The genetics testing company 23andMe says millions of “pieces of data” stolen from its customers have been offered for sale on an online forum where digital thieves often advertise leaked data. The hackers say they scraped data from users who opted into the DNA Relatives feature, allowing people to connect with others who share a recent ancestor. The data includes technical details like origin estimation, phenotype and health information, photos and identification data, and raw genetic data. The hacker posted a sample file of 1 million data points about Ashkenazi Jews and another about users with Chinese heritage. The files were reposted by a user who goes by DarkWebInformer on the X (formerly Twitter) forum.
A spokesman for 23andMe said the company was aware of the posting and was investigating the incident. He said the attack was likely based on “credential stuffing,” in which attackers take username-and-password combinations published after other breaches and try them against 23andMe accounts. If they work, the hackers can use those credentials to re-access people’s accounts and scrape their data.
23andMe spokesman Jonathan Greig told Bleeping Computer that it needs to be clarified how much of the supposedly stolen data is accurate but that the attack appears to have been relatively sophisticated. He said the company believes the hackers used exposed passwords from previous attacks to get into some of its users’ accounts. People must avoid reusing passwords across different websites and always set up two-factor authentication.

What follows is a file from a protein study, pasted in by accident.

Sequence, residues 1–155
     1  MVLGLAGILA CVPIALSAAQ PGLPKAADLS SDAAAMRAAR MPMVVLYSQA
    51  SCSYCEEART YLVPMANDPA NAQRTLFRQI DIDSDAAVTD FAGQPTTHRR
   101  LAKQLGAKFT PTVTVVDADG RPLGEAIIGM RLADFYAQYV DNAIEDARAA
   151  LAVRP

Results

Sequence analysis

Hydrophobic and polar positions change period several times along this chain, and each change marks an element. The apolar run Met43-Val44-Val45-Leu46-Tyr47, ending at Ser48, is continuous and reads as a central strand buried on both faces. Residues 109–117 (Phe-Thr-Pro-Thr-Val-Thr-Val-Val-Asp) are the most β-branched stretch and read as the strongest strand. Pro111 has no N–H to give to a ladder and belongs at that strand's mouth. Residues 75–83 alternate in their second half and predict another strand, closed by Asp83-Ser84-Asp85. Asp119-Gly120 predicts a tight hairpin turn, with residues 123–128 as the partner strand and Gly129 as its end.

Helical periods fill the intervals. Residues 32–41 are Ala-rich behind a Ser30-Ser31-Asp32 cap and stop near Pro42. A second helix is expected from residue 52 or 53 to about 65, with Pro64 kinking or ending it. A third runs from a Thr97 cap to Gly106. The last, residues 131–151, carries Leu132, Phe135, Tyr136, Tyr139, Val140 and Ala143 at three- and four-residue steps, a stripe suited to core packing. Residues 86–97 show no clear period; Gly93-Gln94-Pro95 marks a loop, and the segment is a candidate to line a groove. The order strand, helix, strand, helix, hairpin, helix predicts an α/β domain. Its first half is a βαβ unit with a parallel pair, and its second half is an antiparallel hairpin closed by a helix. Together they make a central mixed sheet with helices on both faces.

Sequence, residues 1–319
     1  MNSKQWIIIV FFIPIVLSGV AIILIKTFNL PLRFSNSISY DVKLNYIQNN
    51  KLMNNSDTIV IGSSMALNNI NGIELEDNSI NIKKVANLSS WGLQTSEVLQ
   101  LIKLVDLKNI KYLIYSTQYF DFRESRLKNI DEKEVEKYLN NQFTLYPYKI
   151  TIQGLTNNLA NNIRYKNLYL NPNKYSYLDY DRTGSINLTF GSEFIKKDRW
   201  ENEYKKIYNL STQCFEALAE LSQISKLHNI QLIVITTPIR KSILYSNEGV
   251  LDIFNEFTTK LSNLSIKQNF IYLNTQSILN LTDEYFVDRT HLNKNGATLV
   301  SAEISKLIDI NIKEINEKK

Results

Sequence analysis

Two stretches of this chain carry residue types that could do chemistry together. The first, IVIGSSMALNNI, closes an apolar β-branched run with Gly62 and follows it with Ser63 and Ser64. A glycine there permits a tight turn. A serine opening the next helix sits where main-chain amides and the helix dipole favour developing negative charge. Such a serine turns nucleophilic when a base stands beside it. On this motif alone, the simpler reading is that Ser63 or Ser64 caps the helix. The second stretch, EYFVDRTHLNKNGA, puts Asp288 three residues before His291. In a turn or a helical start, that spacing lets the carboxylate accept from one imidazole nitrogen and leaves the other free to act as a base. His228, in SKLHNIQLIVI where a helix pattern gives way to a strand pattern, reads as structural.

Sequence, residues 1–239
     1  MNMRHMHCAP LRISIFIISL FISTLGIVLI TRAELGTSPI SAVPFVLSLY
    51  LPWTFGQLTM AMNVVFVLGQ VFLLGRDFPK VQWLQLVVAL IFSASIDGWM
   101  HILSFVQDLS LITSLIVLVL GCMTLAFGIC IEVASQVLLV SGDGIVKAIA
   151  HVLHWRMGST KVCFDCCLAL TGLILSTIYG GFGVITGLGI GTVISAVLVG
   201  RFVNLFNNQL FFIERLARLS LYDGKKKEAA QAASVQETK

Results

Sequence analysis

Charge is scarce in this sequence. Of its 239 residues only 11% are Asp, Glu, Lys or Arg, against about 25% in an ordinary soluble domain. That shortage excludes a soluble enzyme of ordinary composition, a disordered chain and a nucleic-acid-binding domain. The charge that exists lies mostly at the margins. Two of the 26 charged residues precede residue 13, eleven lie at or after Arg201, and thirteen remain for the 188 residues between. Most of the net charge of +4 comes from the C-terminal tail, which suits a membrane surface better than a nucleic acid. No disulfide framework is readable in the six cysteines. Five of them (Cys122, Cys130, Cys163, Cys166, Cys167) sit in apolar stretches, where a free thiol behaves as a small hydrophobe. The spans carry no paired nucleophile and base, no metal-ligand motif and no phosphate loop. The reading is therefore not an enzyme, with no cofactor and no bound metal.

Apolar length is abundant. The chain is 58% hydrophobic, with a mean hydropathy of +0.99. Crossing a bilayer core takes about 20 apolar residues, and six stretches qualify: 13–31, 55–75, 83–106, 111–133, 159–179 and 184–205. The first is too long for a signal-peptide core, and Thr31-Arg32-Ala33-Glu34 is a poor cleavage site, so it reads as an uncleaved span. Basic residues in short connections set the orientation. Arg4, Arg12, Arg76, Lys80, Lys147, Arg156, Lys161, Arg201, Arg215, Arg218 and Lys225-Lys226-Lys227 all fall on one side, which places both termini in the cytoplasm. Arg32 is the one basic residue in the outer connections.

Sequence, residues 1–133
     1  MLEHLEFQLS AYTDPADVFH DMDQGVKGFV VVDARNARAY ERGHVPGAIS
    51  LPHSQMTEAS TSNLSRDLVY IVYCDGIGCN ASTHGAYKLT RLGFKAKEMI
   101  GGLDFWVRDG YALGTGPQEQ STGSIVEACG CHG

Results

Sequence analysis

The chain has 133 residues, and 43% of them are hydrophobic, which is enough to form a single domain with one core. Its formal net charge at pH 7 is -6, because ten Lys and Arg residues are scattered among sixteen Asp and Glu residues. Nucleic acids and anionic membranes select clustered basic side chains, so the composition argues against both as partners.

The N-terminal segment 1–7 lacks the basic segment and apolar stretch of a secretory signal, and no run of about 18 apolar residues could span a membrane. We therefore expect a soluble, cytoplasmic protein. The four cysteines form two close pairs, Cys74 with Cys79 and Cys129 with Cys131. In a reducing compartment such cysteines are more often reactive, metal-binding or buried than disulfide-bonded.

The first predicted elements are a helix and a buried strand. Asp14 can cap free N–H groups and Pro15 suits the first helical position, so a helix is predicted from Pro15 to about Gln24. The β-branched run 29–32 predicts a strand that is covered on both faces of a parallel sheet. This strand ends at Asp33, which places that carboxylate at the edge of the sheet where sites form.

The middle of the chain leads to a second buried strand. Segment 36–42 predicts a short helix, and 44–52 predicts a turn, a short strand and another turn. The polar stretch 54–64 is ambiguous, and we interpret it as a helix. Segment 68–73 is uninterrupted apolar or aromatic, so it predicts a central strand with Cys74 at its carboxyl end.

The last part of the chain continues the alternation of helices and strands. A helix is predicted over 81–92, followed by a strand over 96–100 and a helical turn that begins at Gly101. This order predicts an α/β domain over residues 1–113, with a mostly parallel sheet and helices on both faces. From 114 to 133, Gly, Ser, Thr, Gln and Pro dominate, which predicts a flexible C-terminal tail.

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He also recommended that people change their passwords immediately after any breach and use a separate email address for any accounts on sites where they don’t want to receive notifications about suspicious activity. “That way, if your account does become compromised, you have a second line of defense to protect the rest of your digital life,” he said.
The firm, which processes saliva samples to determine a person’s ancestry, says it has 14 million registered users. Its tests are priced at more than $600 each. The company was founded in 2006 and is helmed by Anne Wojcicki — the sister of YouTube CEO Susan Wojcicki and ex-wife of Sergey Brin, co-founder of Google.
One of the data sets advertised for sale on BreachForums, which was later reposted on X, claimed to contain the profiles of 7 million 23andMe users. It also included entries for tech execs such as Mark Zuckerberg and Elon Musk, though it needs to be clarified whether they’re valid, reports Wired. The seller on BreachForums offers a bundle of 100 profiles for $1000 and incremental payments for bulk purchases of more than that. That’s a far cry from the price tag for the dataset of more than a billion records. Reuters was unable to reach the seller.